Research Handbook on the Economics of Insurance Law

Research Handbook on the Economics of Insurance Law

Research Handbooks in Law and Economics series

Edited by Daniel Schwarcz and Peter Siegelman

Insurance law and insurance economics each have long and distinguished scholarly histories, but participants in the two disciplines have not always communicated well across academic silos. The Handbook encourages more policy-relevant insurance economics scholarship and more economically sophisticated legal scholarship by bringing together original contributions from leading scholars in insurance law and insurance economics on a range of issues involving insurance law and regulation.

Chapter 1: Behavioral economics and insurance: Principles and solutions

Howard C. Kunreuther and Mark V. Pauly

Subjects: law - academic, commercial law, insurance law, law and economics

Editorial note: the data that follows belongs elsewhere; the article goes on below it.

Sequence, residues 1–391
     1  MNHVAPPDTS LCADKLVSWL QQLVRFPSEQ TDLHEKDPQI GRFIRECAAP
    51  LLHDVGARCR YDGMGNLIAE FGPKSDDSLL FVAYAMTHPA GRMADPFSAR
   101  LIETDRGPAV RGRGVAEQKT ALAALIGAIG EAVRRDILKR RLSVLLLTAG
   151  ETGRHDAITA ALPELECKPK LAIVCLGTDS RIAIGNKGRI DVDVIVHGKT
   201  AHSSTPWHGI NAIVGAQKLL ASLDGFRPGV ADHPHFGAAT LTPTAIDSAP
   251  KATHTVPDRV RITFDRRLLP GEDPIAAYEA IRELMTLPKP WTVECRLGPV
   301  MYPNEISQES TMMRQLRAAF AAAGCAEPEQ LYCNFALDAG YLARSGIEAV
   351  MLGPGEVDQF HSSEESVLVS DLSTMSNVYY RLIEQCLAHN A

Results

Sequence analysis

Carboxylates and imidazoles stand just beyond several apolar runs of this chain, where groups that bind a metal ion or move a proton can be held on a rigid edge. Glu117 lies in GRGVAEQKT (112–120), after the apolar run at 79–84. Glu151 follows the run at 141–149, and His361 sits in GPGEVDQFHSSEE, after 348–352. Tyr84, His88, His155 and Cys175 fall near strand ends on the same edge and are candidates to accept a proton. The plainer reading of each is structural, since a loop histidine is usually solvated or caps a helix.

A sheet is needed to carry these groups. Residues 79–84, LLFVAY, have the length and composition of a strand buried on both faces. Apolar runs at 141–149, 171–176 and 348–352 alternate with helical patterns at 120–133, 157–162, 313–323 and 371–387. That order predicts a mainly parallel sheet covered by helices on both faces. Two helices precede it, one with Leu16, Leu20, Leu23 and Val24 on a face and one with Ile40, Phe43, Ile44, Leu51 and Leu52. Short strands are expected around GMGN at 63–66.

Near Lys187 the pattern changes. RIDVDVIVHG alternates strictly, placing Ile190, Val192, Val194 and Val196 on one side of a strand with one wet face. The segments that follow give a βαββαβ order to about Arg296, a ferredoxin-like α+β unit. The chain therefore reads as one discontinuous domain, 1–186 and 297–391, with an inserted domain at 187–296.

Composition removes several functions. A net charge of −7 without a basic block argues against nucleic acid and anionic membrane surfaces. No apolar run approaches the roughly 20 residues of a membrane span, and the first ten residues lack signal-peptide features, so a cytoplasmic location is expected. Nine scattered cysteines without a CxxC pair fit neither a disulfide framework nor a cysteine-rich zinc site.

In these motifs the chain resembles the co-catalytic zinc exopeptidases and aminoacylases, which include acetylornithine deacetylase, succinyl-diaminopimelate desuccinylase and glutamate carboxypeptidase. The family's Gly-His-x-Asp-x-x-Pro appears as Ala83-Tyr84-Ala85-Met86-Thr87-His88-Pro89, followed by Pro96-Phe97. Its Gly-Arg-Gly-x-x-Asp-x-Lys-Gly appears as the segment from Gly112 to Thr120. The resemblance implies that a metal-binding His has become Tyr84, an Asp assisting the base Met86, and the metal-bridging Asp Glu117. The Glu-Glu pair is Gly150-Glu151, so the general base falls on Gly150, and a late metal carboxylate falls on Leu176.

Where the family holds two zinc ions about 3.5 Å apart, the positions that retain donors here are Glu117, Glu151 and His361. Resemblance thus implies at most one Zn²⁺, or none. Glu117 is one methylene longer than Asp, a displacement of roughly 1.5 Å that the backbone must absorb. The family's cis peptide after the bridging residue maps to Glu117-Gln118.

It is easy for consumers to make mistakes in insurance markets, especially when deciding whether to purchase insurance against low-probability, high-consequence (LP-HC) events. Consumers have a hard time collecting and processing information to determine the likelihood and consequences of these risks, with which (by definition) they have had limited or no experience. Hence, people often rely on feelings and intuition rather than careful thought when it comes time to decide what coverage to purchase. On the supply side, insurance companies face the risk of experiencing large claims payments, only part of which can be spread or diversified away through the law of large numbers if losses are highly correlated. Decision makers in the insurance industry and those who regulate, litigate, and legislate about insurance are also likely to make mistakes for the same reasons that consumers do. They often rely on their intuition rather than undertaking deliberative thinking because they have limited information from past experience on which to base their decisions. In this chapter we take a realistic but optimistic view of the prospects for improving the functioning of insurance markets.